- The Washington Times - Monday, November 1, 2004

A record number of voters in Virginia, Maryland and the District have cast absentee ballots this year to avoid long lines and potential problems when the polls officially open today.

In Virginia, more than 240,000 voters have requested absentee ballots, particularly from areas where many military personnel reside. More than 175,000 have returned their ballots. In the 2000 presidential election, about 150,000 Virginians voted by absentee ballot.

In Maryland, more than 130,000 voters have requested absentee ballots. Elections officials have not counted how many ballots they have received from voters. In 2000, 96,366 Maryland residents cast their votes by absentee ballot.

Election officials in the District didn’t have absentee ballot figures available yesterday, but D.C. Board of Elections and Ethics spokesman Bill O’Field estimated the numbers are up from 2000.

Barbara Cockrell, assistant secretary of the Virginia State Board of Elections, said Virginia Beach, which has a heavy military population, has had a “very high” number of absentee ballots.

Miss Cockrell said a high percentage of absentee ballots also are being cast in Northern Virginia, another area where many military families reside.

Alexandria easily eclipsed its previous record of about 4,200 absentee voters in 2000 with more than 7,000 who voted early for today’s election, said Tom Parkins, the city’s registrar of voters. “We have a lot more interest,” he said.

Virginia does not track the demographics of absentee voters. No exit polling in Virginia, Maryland or the District was available yesterday.

Some officials attribute the rise in absentee voters to the overall increase in registration. All three jurisdictions reported record new voters this year.

Since 1980, absentee voting has accounted for an average of 5.4 percent of the total votes cast in presidential elections, according to figures analyzed by the Associated Press.

By contrast, absentees have comprised an average of 3 percent of the total vote in nonpresidential elections in the past 10 years.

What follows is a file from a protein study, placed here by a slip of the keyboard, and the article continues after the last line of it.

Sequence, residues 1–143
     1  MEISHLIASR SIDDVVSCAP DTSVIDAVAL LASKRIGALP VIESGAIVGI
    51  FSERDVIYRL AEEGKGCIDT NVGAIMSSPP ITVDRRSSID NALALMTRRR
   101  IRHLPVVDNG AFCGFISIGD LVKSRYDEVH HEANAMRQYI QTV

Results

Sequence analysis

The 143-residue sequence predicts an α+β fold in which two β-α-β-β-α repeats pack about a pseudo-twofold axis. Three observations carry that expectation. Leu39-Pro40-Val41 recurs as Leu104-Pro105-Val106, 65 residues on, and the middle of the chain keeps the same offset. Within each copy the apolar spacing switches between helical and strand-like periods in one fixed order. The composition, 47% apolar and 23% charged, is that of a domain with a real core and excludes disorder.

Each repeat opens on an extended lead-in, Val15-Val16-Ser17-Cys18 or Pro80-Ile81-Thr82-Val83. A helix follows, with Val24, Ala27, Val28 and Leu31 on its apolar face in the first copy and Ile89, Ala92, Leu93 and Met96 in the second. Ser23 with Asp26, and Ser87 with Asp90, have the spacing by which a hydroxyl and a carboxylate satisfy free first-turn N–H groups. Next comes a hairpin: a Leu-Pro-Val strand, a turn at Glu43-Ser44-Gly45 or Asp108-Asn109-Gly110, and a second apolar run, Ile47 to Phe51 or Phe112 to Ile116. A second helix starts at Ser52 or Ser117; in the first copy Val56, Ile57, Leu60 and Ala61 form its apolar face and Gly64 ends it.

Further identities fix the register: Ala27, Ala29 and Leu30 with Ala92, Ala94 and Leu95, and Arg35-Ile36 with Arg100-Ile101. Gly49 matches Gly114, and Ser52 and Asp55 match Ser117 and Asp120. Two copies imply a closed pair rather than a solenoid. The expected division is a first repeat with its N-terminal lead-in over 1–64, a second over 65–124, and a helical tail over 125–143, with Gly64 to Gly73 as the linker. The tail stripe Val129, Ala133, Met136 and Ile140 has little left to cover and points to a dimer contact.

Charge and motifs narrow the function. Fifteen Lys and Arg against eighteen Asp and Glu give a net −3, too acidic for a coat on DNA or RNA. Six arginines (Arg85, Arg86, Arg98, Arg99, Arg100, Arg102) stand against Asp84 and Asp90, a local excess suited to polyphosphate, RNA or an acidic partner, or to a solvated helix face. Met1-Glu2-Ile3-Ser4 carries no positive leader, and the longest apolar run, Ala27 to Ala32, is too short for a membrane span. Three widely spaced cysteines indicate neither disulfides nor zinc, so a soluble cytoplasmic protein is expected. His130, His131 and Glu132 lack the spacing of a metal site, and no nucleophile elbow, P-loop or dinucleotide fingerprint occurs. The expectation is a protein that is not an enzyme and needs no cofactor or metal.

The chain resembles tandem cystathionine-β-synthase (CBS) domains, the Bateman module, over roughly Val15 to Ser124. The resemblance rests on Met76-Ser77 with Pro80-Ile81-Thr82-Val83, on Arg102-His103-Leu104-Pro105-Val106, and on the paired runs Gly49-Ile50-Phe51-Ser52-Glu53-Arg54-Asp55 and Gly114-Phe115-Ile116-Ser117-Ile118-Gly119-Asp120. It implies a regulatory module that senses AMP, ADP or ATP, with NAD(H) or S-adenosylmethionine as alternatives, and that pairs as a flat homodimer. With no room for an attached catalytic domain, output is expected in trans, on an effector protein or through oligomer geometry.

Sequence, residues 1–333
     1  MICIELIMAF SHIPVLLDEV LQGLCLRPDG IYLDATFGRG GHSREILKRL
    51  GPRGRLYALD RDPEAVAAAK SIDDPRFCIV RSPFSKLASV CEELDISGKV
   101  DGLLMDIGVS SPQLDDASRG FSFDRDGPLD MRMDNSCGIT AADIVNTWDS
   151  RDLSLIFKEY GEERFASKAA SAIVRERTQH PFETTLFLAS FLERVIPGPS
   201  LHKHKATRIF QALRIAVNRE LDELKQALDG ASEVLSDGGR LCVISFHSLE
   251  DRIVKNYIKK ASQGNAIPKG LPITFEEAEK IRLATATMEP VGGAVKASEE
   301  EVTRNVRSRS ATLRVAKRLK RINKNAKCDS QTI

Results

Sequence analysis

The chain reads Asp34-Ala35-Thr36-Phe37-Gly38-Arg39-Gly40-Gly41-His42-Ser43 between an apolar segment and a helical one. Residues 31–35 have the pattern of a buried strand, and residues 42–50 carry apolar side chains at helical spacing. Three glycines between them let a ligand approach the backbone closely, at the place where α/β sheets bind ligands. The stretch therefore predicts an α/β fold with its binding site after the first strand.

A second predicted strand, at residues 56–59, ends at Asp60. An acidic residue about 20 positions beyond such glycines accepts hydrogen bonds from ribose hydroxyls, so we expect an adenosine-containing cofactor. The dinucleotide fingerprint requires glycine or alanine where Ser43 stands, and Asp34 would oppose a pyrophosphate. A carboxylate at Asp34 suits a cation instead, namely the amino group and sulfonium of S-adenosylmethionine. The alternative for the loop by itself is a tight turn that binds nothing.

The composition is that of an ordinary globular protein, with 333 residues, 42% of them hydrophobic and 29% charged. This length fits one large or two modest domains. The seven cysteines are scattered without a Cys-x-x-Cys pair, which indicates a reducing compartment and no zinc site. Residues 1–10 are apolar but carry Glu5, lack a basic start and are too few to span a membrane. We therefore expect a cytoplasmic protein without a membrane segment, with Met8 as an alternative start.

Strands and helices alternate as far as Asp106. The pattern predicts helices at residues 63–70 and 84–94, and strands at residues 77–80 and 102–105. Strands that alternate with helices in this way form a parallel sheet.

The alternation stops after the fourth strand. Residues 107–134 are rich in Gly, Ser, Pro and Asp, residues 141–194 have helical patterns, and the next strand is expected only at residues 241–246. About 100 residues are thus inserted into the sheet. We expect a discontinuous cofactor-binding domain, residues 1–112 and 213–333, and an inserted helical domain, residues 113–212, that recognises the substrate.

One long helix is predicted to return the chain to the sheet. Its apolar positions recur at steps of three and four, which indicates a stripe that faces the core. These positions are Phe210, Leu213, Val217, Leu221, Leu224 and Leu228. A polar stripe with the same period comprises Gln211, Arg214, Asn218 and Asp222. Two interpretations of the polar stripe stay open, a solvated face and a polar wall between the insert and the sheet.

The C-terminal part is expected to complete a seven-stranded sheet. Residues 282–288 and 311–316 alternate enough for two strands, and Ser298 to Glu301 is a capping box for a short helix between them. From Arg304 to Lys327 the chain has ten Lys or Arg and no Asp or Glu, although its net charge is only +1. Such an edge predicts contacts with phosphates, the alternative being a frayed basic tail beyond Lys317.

Both presidential candidates this year have encouraged their supporters nationwide to vote early. Volunteer groups in the region have handed out absentee voter applications and in some cases helped voters get to the polls so they could cast absentee ballots in person.

In Virginia and the District, absentee voting is available at most precincts or by mail, as long as criteria are met. In Maryland, absentee voters can cast ballots only by mail.

The guidelines differ slightly among the three jurisdictions, but voters in general are allowed to cast absentee ballots if they will be absent from their county on Election Day because of school or military service, or because of an illness or death in the family.

Virginia localities will count absentee ballots tonight. Local election officials must have the absentee ballots by the time polls close at 7 p.m. for the ballots to be counted.

Election officials in Maryland will count the absentee ballots on Thursday. They will conduct a second count Nov. 12 to accommodate late ballots sent from troops overseas.

Donna Duncan, director of Maryland’s election-management division at the State Board of Elections, said, “It certainly is possible” absentee ballots could change the outcome of an election.

D.C. election officials will count absentee ballots and provisional ballots Nov. 12. “It allows for absentee ballots to reach us from around the world,” Mr. O’Field said.

In most jurisdictions, early absentee voting ended Saturday, but residents unable to vote today had until 2 p.m. yesterday to fill out their absentee ballots.

Mr. Parkins said he received a request yesterday from a woman who would be in Baltimore today for medical treatment. But, he said, he denied her request for an absentee ballot after learning that she would be in Alexandria for part of the day today. “It’s got to be an emergency situation or a death in the family,” he said.

Several voters in Arlington yesterday cast early ballots because work commitments would keep them from the polls today.

Anne Slabinski, 29, an Arlington County firefighter who voted for Democratic presidential nominee Sen. John Kerry, said she has to work a 24-hour shift today. “It was just easier this way,” she said.

Mr. O’Field said voters should be prepared to stand in line at the polling places throughout the city. “We’re asking voters to be patient because it’s going to be a big day,” he said.

Chris Smith, 25, an employee with the Department of Homeland Security who lives in Northeast, said he voted early because election officials had wrong information on his voter registration. But once he showed up, he said, he could vote without any delays.

“I just wanted my opinion to count,” said Mr. Smith, who voted for the first time. “I feel proud.”

• Gary Emerling contributed to this article, which is based in part on wire service reports.

Copyright © 2016 The Washington Times, LLC. Click here for reprint permission.

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